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Hidden Gems: Meet Scott Harrison

Today we’d like to introduce you to Scott Harrison.

Hi Scott, we’d love for you to start by introducing yourself.
I served in Vietnam as a US Marine. While there, knowing I was having a hard time of it as a 19-year-old machine gunner, my sister sent me a small music box. I would play it to take my mind off the war. While playing it, I would close my eyes and think of a carousel in a mountain meadow with folks having a good time. That imagery helped to get me through my time there. About 15 years later, I came across an old carousel that was about to be sent to become scrap metal. It did not have any animals on it, so I started carving the animals that would populate it. Twenty-six years later, I created a non-profit organization and then donated the carved animals and restored mechanism and frame to it. With the community’s help we found land that was donated and raised enough money to build a 12 sided building to house the carousel. We opened the carousel in 2010 and have since given rides to more than 900,000 riders. I still volunteer there as do many others.

Would you say it’s been a smooth road, and if not what are some of the biggest challenges you’ve faced along the way?
I had a full-time job while carving the animals and restoring the mechanism while also with my wife, who also worked full time, raising our two children. It was often hard to find time to work on the project. Also, raising the $650,000 was challenging but many others were involved with that. We raised the money and constructed the building during the 2008 recession.

Can you tell our readers more about what you do and what you think sets you apart from others?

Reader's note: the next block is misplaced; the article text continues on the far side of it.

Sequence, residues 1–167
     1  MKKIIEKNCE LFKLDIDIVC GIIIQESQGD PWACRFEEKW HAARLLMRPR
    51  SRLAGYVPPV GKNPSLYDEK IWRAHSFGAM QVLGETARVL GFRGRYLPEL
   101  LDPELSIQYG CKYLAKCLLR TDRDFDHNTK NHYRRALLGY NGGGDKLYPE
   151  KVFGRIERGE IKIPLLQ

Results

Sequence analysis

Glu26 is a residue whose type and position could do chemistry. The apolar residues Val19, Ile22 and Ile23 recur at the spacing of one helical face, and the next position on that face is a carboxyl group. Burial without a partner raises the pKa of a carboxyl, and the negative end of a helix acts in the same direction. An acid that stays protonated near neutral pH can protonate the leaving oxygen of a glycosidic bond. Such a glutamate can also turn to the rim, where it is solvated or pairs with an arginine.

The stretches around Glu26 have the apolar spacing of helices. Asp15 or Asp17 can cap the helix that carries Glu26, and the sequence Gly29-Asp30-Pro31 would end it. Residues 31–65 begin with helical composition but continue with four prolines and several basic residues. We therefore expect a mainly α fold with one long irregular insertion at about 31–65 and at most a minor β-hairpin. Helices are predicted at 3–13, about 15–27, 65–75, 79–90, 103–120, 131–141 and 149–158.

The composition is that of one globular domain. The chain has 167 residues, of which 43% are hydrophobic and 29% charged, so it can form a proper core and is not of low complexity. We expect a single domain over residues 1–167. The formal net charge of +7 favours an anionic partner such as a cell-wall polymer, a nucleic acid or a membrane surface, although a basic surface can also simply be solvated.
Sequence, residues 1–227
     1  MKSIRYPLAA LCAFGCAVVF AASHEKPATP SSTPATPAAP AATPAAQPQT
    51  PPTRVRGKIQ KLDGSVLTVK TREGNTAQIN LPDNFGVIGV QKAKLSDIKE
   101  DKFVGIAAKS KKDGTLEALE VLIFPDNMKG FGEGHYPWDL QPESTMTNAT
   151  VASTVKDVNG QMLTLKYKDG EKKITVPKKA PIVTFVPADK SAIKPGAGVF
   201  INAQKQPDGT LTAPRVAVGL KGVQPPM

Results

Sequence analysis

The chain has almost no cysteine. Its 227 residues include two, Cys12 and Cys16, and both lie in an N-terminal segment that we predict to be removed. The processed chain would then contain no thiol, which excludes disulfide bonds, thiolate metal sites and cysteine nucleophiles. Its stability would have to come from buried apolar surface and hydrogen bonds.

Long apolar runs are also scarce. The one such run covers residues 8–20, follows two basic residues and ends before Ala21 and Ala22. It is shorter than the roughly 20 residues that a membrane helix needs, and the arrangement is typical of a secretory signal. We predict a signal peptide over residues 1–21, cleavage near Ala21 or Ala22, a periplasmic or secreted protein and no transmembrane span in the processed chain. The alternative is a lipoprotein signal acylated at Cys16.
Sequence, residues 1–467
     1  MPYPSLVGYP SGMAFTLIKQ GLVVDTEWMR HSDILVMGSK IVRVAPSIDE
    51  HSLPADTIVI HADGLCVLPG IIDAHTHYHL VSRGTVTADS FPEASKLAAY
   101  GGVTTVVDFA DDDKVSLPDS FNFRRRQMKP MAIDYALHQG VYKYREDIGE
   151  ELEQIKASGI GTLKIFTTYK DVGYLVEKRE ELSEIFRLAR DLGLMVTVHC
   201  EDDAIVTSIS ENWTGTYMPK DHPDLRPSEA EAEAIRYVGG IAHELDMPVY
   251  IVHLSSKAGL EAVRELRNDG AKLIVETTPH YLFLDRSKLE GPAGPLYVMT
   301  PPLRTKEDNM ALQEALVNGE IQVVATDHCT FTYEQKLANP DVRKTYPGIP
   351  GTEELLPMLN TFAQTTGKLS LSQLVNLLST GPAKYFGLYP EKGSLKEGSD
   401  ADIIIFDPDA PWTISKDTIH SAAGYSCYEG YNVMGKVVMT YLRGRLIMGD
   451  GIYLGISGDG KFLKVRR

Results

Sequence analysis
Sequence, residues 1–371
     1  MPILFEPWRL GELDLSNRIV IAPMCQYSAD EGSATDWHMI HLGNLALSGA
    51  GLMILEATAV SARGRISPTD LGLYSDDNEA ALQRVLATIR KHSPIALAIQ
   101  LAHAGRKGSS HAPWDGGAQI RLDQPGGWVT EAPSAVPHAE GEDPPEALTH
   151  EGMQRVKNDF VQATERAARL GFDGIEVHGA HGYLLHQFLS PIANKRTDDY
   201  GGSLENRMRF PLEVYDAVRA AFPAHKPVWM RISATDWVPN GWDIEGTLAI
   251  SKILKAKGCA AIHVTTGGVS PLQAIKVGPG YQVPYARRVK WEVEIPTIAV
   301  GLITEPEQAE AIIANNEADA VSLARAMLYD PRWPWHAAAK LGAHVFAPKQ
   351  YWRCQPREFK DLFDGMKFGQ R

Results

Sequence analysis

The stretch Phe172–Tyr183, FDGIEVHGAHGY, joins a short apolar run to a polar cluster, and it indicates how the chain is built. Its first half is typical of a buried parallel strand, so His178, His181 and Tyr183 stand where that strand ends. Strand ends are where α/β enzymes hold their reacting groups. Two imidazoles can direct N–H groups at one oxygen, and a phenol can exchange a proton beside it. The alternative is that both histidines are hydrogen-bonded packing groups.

We ran an international membership program called The Urgent Action Network for Amnesty International, where we focused on getting thousands of people and organizations to work for torture victims and those condemned to be executed around the world. We were salaried employees of that non-profit and ran the program as a 24/7 emergency alert center. Over the 32 years that we worked in that program we focused on the situations of approximately 44,000 individuals whose human rights had been abused. I am most proud of that work.

What are your plans for the future?
The Carousel of Happiness is continuing to plan for its future survival as a non-profit organization while improving its mission of providing joy and happiness in an inclusive way to all populations of visitors. Personally, I am continuing to work within that organization and on other projects. I recently finished another sculptural installation called The Council of Kindness [] which has as a goal creating a quiet, healing environment for folks to visit during times of stress, PTSD, etc.


  • Carousel rides are $3. per ticket/ride

Contact Info:

Image Credits:
Carving coyote photo by Brent Warren
Bear portrait and Carousel photo by Scott Harrison

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